By Glen David Gold
I don’t mean to brag, but as I’m writing this, there are five-week-old kittens on me. Specifically one kitten, Peanut, who is the runt of the litter, and who needs a little extra time and space to eat, so she does it in my lap. Her three siblings — Cashew, Almond, and Wally (short for Walnut) — are running around my home office, which my girlfriend and I converted into a temporary kitten den. We feed them three cans of wet food a day, we scoop their boxes, and because they’re still figuring out what this whole “indoor life” thing is about, we are teaching them about things like string and feathers and belly rubs.
I’ve always been impressed — and a little shy of — people who actually volunteer for things. I like the idea of it, but it comes with stage fright, and I often fall short of managing to do it myself. I think I heard the phrase “fostering kittens” as one of those great but overwhelming commitments like trekking to Nepal. If instead someone had said, “Hey, you can play with kittens for a few days and then help them find forever homes?” I might have lit up a little faster. But also I thought I might get too attached for that to be easy.
Like pretty much everywhere else, Los Angeles is having an especially intense kitten season. I’d been seeing social media accounts of shelters packed to bursting. I was particularly moved by the story I saw of a family who’d been feeding outdoor cats and who rapidly ended up with nineteen pregnant kitties! Luxe Paws, the local organization who was dealing with this, put out an SOS for temporary homes over the Fourth of July week so that all those kittens would be indoors during that whole fireworks nightmare. All they needed was a week of being looked after before they were old enough to be adopted.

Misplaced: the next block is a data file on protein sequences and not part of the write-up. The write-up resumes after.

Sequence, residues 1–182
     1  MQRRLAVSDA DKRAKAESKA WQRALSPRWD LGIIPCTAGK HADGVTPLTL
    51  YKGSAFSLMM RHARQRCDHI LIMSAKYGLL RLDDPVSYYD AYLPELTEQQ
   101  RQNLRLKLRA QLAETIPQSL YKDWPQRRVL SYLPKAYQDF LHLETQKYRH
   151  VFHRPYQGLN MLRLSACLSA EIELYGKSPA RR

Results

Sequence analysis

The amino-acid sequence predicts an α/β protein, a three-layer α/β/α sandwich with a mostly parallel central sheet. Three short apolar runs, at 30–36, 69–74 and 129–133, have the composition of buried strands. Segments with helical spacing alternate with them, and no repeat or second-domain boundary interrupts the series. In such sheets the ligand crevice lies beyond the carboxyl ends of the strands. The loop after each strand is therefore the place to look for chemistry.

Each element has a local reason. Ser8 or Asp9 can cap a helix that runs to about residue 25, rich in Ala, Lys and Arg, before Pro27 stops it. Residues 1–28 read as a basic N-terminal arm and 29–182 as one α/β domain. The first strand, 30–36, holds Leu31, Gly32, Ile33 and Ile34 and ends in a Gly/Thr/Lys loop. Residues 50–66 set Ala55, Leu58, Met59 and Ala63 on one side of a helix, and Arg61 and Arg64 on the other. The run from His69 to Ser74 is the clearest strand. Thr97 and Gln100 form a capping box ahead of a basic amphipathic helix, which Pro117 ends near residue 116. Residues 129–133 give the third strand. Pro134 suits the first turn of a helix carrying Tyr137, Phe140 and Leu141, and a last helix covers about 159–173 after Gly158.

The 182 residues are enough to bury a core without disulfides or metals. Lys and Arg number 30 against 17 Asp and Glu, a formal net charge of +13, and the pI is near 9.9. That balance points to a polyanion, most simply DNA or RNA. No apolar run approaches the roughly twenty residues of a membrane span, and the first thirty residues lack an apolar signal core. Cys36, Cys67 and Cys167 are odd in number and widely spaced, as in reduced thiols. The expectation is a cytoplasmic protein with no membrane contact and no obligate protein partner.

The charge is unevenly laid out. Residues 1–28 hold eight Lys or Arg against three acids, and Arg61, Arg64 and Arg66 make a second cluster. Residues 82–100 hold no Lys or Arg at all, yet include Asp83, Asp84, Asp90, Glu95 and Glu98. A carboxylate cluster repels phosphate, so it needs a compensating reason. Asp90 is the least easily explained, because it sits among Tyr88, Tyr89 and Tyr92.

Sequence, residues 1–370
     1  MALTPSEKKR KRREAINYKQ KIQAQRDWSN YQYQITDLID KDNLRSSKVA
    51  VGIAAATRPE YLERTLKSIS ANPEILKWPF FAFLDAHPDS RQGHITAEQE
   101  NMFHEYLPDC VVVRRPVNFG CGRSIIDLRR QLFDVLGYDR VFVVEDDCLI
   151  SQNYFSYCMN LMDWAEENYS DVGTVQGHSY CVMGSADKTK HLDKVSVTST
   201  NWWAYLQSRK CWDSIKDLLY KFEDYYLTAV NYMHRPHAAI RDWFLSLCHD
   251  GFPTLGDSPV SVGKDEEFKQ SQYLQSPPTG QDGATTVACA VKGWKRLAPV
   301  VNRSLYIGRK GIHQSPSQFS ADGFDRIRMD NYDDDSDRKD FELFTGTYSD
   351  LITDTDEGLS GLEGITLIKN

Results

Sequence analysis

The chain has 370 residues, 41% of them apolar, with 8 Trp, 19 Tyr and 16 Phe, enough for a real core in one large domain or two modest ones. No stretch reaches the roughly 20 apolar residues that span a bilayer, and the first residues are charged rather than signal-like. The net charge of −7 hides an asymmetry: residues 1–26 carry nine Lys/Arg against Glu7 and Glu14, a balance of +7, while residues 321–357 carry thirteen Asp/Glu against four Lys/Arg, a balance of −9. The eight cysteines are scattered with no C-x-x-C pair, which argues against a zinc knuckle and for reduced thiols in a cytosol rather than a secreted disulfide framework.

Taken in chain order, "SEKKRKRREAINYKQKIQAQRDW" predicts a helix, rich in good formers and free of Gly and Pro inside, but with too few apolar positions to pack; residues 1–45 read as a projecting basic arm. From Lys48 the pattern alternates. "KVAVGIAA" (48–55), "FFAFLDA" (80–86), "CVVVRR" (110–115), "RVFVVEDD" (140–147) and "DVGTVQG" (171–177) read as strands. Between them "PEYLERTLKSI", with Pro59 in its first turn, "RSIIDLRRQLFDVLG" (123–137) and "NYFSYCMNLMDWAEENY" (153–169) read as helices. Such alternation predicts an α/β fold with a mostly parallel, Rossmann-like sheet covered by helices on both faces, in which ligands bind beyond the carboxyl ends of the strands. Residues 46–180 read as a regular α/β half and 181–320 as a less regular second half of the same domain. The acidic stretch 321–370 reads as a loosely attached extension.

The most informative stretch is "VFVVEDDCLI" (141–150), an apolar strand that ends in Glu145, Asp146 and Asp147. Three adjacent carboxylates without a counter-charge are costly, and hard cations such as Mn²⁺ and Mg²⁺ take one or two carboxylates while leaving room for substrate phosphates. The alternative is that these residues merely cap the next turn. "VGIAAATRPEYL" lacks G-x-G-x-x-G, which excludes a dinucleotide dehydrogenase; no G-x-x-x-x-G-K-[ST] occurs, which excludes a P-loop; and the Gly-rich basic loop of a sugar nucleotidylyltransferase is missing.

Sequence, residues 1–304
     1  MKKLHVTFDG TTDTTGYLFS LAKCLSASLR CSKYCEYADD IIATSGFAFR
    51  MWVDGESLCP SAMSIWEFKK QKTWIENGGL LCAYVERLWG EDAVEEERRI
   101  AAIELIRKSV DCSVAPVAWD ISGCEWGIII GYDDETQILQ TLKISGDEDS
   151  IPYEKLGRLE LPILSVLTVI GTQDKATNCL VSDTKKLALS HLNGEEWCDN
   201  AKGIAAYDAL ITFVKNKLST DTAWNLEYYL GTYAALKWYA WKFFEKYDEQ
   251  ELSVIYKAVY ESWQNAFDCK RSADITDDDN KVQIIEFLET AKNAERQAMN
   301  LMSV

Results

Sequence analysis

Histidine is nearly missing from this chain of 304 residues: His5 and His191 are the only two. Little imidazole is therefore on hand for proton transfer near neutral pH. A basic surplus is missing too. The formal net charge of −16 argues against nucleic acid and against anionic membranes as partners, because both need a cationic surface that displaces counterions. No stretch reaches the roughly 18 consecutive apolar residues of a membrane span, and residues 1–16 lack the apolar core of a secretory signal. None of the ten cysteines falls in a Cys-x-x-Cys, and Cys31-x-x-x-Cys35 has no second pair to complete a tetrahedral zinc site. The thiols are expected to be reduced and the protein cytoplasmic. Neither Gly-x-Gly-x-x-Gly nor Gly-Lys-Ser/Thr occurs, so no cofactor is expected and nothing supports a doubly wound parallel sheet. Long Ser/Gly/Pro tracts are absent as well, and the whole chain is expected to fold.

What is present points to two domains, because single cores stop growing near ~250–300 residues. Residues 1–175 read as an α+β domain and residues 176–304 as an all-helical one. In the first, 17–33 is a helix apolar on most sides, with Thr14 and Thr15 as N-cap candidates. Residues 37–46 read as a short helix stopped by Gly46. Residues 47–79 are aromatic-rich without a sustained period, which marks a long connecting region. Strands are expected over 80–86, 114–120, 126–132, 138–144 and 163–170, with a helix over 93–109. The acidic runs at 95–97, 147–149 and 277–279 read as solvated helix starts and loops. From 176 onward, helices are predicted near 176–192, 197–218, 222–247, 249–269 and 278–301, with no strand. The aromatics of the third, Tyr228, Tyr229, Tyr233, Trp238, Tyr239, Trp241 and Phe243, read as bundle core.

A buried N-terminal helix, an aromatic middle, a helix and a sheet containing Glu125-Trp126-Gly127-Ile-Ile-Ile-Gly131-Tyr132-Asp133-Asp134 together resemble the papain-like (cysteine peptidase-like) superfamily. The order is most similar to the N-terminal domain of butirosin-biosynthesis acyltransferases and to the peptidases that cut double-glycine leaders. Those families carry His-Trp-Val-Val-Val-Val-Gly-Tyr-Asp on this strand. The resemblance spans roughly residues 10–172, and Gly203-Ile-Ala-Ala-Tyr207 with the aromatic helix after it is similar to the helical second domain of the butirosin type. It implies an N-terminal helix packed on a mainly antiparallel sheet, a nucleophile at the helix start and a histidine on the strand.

I couldn’t stand the idea of kittens getting so freaked out. So my girlfriend and I filled out the application with Luxe Paws and about four hours later, I was picking up some food, some worm medication, and a playpen filled with kittens, one of the litters from the feral colony. The kittens were dubious, never having dealt with people before, but they were hungry and playful and curious enough to start licking food off our fingertips after day three in our care.
It’s really not hard to do this. A lot of places will let you foster for a week or less. If you don’t want the rambunctious energy of a litter of kittens there are plenty of older single cats who need a place to hang out until they find their furever home. You do need a room you can dedicate to it, and a familiarity with cats and kittens is pretty important. If you’re more skilled at bottle feeding or otherwise handling younger kittens, good for you — your skills are going to be very satisfying to use. Your area, wherever you live, has some kind of municipal or private organization that needs help right now. And it’s been really interesting loving on these little nuts and knowing that we’re doing it not just for them but for their future guardians. We’re noting their little personalities coming out. Cashew is the best hunter, Almond is very protective of the rest, Wally is the bravest, and Peanut is the most fragile. She of course has our hearts, and every time she eats it feels like a little triumph. When they’re ready to be adopted, we’ll have some good information about them for their forever homes.
If you are on the fence about fostering, let me run two scenarios by you: the first is that the next two weeks pass in which the world continues to be a baffling, often saddening place; the second is exactly the same, except you also have kittens in your house. Which do you choose? Exactly.
About the Author: Glen David Gold is the author of the bestselling novels Sunnyside and Carter Beats the Devil. His three-part memoir I Will Be Complete is available now. Learn more at glendavidgold.com.